CEO protective responses to short seller attacks at rival firms
Type of DegreePhD Dissertation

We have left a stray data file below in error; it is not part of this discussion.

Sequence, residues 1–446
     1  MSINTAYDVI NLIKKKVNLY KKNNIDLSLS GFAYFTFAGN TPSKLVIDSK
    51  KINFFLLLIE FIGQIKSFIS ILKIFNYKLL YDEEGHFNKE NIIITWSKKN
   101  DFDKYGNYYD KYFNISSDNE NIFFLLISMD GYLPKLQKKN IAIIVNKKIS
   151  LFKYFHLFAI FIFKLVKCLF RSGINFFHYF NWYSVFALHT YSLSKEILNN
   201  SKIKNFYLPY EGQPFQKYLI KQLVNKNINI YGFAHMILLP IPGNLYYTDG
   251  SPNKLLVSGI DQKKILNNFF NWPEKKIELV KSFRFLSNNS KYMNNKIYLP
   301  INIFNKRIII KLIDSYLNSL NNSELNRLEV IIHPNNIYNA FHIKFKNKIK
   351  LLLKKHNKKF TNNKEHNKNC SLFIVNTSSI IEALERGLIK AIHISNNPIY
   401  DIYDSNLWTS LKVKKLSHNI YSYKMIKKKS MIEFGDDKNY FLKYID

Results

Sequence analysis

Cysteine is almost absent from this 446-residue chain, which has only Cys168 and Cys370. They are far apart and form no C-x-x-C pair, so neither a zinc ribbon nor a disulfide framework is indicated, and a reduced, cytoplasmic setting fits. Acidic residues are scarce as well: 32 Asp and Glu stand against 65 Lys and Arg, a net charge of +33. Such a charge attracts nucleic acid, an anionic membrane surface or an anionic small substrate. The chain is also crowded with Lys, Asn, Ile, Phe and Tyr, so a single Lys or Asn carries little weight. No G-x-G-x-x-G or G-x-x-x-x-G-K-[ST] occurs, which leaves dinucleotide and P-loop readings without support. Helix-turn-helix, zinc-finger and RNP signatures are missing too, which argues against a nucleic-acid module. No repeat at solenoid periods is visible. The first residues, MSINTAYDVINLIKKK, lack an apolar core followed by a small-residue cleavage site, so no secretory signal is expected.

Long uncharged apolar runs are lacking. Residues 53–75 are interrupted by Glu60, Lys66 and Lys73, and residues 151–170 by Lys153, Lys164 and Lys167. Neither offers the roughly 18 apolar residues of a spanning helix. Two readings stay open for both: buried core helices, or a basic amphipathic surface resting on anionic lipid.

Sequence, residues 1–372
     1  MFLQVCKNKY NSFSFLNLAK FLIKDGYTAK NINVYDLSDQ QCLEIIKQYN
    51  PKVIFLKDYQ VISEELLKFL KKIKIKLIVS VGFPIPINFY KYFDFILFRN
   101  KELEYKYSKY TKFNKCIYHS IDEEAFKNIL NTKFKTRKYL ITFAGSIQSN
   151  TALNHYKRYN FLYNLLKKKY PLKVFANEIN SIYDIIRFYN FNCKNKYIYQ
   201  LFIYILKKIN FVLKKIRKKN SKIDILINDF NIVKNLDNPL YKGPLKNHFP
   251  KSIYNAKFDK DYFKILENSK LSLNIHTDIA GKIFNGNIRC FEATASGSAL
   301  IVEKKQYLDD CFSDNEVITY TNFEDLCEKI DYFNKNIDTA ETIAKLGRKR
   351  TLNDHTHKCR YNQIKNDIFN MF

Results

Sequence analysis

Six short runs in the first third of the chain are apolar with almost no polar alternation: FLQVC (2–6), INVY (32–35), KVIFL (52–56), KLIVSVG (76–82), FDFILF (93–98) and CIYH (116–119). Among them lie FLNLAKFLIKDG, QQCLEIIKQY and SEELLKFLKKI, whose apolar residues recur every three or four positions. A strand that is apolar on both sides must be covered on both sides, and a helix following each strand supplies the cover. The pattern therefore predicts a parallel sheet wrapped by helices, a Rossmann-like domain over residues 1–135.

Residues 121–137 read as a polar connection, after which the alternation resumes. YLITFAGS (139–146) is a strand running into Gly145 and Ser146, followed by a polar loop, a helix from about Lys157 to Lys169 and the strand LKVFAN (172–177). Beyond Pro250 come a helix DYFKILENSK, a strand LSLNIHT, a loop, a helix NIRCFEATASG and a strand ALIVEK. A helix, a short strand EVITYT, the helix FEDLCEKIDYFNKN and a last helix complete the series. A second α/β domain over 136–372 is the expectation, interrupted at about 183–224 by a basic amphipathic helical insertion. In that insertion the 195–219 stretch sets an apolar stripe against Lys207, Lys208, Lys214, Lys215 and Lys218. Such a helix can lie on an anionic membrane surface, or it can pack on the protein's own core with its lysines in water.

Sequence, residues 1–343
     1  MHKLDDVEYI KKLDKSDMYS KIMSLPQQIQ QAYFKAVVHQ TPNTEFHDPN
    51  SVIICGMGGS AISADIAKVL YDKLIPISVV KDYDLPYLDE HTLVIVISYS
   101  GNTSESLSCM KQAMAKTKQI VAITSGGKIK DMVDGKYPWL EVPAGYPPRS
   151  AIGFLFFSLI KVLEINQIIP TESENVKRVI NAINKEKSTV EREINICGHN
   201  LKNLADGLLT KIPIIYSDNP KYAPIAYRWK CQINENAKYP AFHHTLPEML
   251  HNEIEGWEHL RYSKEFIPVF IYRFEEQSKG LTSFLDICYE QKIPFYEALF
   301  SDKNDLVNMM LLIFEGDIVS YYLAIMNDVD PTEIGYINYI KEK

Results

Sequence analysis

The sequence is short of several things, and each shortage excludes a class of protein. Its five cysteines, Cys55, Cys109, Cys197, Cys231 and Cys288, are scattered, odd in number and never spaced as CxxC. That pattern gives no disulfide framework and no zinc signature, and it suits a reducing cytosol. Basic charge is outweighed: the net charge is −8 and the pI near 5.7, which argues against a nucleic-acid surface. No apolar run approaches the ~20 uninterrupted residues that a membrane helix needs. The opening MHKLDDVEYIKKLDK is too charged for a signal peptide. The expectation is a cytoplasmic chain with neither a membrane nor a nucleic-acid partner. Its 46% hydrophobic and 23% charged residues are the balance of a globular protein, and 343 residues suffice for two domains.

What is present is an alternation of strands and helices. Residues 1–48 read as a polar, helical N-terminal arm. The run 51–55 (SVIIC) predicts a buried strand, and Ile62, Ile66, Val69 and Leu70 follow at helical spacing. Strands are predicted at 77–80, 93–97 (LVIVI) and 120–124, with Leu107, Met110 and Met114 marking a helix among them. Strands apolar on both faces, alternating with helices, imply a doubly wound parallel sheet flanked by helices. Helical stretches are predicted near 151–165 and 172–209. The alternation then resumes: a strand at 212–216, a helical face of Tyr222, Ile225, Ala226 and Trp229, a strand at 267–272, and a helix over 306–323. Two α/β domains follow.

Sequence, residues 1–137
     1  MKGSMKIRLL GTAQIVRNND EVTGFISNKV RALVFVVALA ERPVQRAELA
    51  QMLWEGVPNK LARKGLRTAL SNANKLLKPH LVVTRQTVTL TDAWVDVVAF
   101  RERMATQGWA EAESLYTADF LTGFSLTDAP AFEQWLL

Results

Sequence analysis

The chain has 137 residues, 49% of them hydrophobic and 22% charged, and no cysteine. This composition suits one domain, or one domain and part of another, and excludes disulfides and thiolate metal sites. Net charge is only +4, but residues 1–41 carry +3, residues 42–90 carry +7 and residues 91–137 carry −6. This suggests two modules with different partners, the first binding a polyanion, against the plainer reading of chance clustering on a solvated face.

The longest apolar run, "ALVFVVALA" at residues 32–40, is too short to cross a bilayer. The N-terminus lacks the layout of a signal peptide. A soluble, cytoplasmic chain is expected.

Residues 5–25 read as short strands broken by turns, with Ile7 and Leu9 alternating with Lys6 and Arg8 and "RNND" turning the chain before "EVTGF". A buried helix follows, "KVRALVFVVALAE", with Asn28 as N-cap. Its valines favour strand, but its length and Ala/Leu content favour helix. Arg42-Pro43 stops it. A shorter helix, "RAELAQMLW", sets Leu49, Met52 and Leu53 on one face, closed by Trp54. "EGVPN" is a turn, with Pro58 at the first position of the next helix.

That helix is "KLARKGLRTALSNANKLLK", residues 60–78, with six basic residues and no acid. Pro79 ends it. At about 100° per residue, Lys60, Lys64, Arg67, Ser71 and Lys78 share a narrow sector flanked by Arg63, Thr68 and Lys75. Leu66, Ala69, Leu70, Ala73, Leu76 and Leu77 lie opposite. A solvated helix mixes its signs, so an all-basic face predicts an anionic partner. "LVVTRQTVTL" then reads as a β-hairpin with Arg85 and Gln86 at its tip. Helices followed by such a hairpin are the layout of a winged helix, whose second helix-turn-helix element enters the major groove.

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Short sellers prosper by betting against the interests of shareholders and managers of public firms. In recent years, however, some short sellers have escalated the intensity of short selling by organizing campaigns that provoke negative market reactions toward public firms. Prior studies have focused on the ex-post consequences of short selling as opposed to the implicit tension between firms and short sellers before the actual short selling begins. As a result, extant research relies largely on market-wide short interest as a proxy for short selling. However, this approach ignores the efforts by firms in preventing, as opposed to responding to, short selling threats. To fill this knowledge gap, I draw on protection motivation theory to explore the preventive behavior in response to the threat of activist short sellers. The primary focus of this dissertation is on the extent to which the processes of threat appraisal (i.e., severity and vulnerability) and coping appraisal (i.e., response efficacy and self-efficacy) influence CEO language optimism and certainty of firms that face the threat of a short attack. As a supplement to this focus, I also examine the ultimate effectiveness of CEO language optimism and certainty as protection mechanisms against short selling pressure and short attack threats. I test my hypotheses with a sample of 2,230 rival firms between 2007 and 2020 and discuss the findings and their implications.